MIT-Knight conference explores ‘The Open Internet… and Everything After’

Journalism / Article

The Center for Civic Media is part of the MIT Media Lab.

The Internet has become an essential part of everyday life, but it’s changed dramatically since the early days, constantly evolving. What’s next? That will be on the minds of the crowd gathering in Cambridge, Mass., June 22-24 for the 2014 MIT-Knight Civic Media Conference on “The Open Internet… and Everything After.”

The three-day conference brings together a wide range of participants, including from the MIT Center for Civic Media and Knight Foundation, to discuss new ideas, technologies and business approaches related to keeping the Internet open.

During the conference, Knight President Alberto Ibargüen will announce the winners of the first News Challenge of 2014 on Monday, June 23 at 10:45 a.m. ET. His remarks will be followed by brief talks from the winners, who will share how their projects will strengthen the Internet for free expression and innovation. Michael Maness, Knight’s vice president of journalism and media innovation, will also be on hand to talk about Knight’s Prototype Fund, which takes early-stage information projects from idea to demo.

Key sessions get underway Monday morning, with a speech from keynote speaker Harvard University Prof. Susan Crawford, a co-director of the Berkman Center for Internet and Society, on how to engage communities through “data-smart governance.”

After lunch, Elise Hu of NPR will lead a conversation with Mozilla Foundation’s Mark Surman and OpenGov Foundation’s Seamus Kraft, where they will discuss how to make the open Web’s principles relevant over the next decade.

Monday afternoon, Tran Ha, Katy Peters, Chris Rudd and Jared Keller will talk with Knight Foundation’s Chris Sopher about millennials, how they consume information, and what they mean to the future of the Internet.

Later, Carolina Rossini, Public Knowledge; Renata Avila, Web We Want; Erhardt Graeff, MIT Media Lab; and the Promise Tracker team will share ways new projects and initiatives aim to overcome the challenges of using the Web to participate in offline social change.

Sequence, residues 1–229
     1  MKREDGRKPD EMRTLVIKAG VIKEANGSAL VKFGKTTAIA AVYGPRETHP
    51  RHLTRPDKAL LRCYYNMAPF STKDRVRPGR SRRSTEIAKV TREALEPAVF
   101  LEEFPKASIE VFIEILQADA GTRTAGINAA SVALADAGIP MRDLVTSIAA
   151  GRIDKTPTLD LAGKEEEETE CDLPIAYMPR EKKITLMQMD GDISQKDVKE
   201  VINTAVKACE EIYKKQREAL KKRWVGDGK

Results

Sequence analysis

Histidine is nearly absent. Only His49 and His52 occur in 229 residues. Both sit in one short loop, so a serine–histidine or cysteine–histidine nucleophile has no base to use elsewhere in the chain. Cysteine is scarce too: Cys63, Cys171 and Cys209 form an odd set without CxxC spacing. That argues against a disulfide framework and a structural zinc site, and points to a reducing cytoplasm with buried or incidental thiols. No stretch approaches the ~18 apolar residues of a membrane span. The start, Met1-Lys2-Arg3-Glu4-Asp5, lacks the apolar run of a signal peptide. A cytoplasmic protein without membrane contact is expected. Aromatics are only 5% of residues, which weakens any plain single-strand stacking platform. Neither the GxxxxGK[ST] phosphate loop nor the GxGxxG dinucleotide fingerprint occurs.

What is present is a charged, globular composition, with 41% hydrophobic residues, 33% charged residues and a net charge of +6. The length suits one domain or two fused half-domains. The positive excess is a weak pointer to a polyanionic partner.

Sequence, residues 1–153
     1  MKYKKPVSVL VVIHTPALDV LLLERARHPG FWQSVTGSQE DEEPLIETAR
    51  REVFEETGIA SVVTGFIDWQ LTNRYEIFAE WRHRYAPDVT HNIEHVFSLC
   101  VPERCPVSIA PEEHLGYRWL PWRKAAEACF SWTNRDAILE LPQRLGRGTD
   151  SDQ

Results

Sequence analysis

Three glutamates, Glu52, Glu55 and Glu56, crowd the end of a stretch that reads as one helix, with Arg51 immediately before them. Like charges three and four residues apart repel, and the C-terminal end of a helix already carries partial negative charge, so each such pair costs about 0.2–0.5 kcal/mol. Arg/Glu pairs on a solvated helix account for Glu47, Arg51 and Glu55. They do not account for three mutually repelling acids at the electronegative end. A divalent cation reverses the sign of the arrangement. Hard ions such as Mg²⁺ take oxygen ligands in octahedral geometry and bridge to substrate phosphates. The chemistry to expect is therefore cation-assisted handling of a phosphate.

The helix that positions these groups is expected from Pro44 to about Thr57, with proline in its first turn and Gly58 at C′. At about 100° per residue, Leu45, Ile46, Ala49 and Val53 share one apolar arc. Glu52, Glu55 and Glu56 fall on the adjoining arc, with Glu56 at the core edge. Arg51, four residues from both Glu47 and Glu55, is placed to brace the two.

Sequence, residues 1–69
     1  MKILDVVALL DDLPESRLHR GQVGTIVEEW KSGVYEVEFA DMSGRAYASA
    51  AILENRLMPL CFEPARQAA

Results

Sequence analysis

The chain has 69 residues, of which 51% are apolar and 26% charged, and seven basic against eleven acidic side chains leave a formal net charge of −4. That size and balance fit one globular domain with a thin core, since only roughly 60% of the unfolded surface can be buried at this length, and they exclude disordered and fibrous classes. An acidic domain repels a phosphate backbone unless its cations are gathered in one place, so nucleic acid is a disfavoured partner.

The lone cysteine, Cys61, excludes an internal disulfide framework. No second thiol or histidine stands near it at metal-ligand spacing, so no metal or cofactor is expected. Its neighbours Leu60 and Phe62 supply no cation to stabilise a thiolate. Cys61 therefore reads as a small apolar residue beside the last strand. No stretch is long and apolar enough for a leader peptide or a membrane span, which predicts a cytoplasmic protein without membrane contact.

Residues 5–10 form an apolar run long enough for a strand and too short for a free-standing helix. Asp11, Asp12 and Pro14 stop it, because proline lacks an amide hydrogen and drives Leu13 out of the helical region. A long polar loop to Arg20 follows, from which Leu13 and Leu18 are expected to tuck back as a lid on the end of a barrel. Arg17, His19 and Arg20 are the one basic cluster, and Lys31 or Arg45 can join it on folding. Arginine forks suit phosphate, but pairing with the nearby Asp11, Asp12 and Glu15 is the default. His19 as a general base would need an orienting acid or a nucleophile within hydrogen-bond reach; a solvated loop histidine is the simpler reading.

The first full day will close with a discussion moderated by MIT Center for Civic Media Director Ethan Zuckerman on “Surveillance and the Open Internet” in the post-Snowden era. He will be joined by Emily Bell, Columbia University; Becky Hurwitz, MIT Center for Civic Media; and Nathan Freitas, The Guardian Project.

Tuesday, the conference’s final day, will begin with a speech about citizen journalism in Turkey from keynote speaker Zeynep Tufekçi.

This will be followed by a discussion about the world of “Citizen Science, Sensing and Mapping,” with Catherine D’lgnazio, OpenWater Project; Sean Bonner, Safecast; David Manthos, Skytruth; and Shannon Dosemagen, Public Lab.

We will then get to see new work and discoveries made in the past year from MIT Center for Civic Media students and researchers.

After lunch, Knight’s John Bracken, Emi Kolawole of the Stanford and Kristen Titus will lead an interactive session on how to discuss how to put users first.

Director Joi Ito will then drop by to explain the nine principles of the MIT Media Lab and discuss the future of civic media.

The conference will close at 2:30 p.m. ET with a speech from Knight’s Michael Maness.

As always, be sure to check out the winners announcement and the rest of the conference, which will be live-streamed at

By Megan Zimroth, media innovation assistant at Knight Foundation


A 24-hour hack day sponsored by the Knight-Mozilla OpenNews project precedes the conference and kicks off at 3 p.m. ET on Saturday. Join an all-star cast of developers, entrepreneurs, journalists and media thinkers working to build new tools to help us better understand how the open Web works. Stop by the Media Lab at 3 p.m. ET on Sunday to check out the projects from the hack day, or you can follow along by checking in on their wiki page, HackDash or by using the hashtag #owhack on Twitter.